There are many favourable effects associated with the use of beneficial microorganisms in animal feed. Probiotics possess a combination of benefits that other alternatives cannot provide alone. For example the production of organic acids, the competitive exclusion of enteric pathogens such as Escherichia coli
, Campylobacter jejuni
and Salmonella enteritidis
, enhancing growth and viability of beneficial gut microflora, improved digestion and absorption of nutrients, production of antimicrobial substances and an enhanced immunity system of the host are all attributes that help probiotics to play a critical role in protecting the animal against enteric diseases.
The demands of modern society for large quantities of animal origin protein have led to intensive animal production where large numbers of animals are raised in relatively small areas. This drive for high productivity has invariably exposed the animals to considerable amount of stress resulting in health maintenance problems and disease issues. This is best illustrated by the widespread occurrence of necrotic enteritis in poultry.
In an attempt to develop an active microbial strain to inhibit C. perfringens, Kemin formulated CLOSTAT that contains a naturally occurring strain of Bacillus subtilis PB6 that was isolated from the intestinal tract of a healthy chicken. This patented proprietary strain, closely associated with the intestinal epithelium, was able to tolerate gastric and bile conditions. The Bacillus subtilis PB6 strain in CLOSTAT is able to form spores and this is a huge advantage in the strain’s survival during pellet formation. This PB6 strain in CLOSTAT is found to secrete a group of peptides enhancing the proliferation of beneficial gut bacteria such as Lactobacillus and Bidifidobacterium spp., and with inhibitory action towards common enteric pathogens such as Clostridium perfringens. Different probiotics claim anticlostridial benefits. However, not all Bacillus species are equally efficient due to differences in activity, survival, and persistence in the harsh conditions of the gastrointestinal tract.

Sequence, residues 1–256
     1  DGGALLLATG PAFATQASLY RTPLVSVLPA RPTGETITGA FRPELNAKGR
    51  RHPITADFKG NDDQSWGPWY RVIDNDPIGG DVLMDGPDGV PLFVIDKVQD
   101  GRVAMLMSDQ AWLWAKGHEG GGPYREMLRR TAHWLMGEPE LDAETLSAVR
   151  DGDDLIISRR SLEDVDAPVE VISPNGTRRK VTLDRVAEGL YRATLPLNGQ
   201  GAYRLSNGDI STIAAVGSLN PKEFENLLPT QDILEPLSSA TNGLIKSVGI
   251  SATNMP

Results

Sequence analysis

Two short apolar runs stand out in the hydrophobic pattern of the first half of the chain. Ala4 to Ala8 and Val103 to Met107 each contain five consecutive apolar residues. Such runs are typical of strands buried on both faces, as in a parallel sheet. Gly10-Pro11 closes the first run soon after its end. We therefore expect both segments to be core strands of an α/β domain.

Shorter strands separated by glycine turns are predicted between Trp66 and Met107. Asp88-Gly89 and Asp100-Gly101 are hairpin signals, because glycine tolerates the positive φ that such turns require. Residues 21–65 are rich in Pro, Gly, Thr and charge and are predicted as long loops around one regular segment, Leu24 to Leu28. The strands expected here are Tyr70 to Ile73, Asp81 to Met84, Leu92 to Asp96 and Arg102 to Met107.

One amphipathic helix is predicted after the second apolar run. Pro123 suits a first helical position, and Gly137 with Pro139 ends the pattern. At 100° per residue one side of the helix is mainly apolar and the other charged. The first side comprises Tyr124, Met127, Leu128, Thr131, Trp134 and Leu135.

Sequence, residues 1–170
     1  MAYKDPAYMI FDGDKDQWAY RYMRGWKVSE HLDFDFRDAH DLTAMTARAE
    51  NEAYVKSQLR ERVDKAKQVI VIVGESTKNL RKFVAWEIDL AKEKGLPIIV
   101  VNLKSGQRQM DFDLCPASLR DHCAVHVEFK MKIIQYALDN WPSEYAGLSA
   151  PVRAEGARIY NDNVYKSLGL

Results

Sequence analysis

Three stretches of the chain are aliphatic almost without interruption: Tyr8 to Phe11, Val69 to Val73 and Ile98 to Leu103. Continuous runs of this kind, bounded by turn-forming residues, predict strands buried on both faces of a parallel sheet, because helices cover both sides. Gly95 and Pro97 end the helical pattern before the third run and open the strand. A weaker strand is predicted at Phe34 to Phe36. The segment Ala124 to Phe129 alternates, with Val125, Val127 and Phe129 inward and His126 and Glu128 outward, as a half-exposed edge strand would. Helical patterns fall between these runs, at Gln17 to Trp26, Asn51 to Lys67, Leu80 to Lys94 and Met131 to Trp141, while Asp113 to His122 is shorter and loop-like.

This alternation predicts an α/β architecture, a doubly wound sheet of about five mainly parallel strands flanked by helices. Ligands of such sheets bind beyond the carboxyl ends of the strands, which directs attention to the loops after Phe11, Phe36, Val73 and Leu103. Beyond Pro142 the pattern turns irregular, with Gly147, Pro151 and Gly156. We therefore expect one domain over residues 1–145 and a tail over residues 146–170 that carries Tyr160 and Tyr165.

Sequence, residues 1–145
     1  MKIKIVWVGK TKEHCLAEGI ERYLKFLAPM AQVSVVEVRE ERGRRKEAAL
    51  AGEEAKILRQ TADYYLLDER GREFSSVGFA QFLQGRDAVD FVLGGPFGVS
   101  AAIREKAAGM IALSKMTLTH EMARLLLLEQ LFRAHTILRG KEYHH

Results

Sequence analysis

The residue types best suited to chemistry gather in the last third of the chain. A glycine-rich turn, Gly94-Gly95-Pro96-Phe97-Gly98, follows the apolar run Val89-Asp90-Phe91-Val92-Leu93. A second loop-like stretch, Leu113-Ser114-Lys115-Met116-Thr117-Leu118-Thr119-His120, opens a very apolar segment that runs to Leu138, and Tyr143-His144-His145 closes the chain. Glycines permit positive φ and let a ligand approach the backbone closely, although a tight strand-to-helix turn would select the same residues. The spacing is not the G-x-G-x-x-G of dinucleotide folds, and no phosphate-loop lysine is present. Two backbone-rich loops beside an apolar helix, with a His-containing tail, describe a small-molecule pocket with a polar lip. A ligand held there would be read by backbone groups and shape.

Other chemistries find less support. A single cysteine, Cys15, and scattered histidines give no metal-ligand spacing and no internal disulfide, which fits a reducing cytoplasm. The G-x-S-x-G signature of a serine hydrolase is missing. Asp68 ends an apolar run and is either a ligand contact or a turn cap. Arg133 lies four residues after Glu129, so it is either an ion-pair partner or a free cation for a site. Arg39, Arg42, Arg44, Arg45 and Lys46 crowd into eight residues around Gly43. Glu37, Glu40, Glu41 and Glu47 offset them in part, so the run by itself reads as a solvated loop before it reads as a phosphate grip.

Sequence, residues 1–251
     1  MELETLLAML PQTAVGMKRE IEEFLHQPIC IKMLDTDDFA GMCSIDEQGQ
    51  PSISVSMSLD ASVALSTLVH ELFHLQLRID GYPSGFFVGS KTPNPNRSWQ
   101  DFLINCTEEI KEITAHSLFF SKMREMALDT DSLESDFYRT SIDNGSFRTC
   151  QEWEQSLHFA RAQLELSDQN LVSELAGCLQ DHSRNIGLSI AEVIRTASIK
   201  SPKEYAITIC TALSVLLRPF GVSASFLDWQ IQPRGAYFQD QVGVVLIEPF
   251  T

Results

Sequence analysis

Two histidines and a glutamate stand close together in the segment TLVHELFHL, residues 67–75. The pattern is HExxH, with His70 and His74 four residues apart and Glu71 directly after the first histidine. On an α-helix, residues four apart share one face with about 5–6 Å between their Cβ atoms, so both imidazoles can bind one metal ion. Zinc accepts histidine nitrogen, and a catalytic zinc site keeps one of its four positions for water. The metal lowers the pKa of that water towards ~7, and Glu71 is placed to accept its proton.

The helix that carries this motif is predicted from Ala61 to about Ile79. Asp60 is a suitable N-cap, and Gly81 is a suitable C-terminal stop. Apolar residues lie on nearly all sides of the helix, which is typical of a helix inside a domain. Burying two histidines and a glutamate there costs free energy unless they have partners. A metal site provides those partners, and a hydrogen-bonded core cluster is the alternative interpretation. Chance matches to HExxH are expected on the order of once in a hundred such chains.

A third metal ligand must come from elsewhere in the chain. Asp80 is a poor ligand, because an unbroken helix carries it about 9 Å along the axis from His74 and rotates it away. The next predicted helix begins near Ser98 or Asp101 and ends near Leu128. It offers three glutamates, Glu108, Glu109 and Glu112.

A broiler trial comparing CLOSTAT against a competitor in Europe was carried out with a total of 408 one-day-old male broilers (Ross 308) were divided into 2 treatments respectively, namely group A of CLOSTAT group standard diet supplemented with CLOSTAT at 500 g/t in starter (0 to 10d), grower (10 to 24d), and finisher (24 to 42d), and group B of Competitor group- standard diet supplemented with Competitor at 50 g/ton in starter (0 to 10d), grower (10 to 24d), and finisher (24 to 42d) diets. At 24 and 42 days of age Competitor group had the lightest body weights (2680 g) when compared to group A (2829 g). Results on foot pad quality showed that the incidence of severe foot pad dermatitis was significantly higher in the competitor group (P<0.05). It can be concluded that CLOSTAT is the best option when the performance improvement is compared to competitor. If compared to other chemicals or antibiotics, CLOSTAT does not create resistance and is a natural alternative for the intestinal disorders faced in today’s production.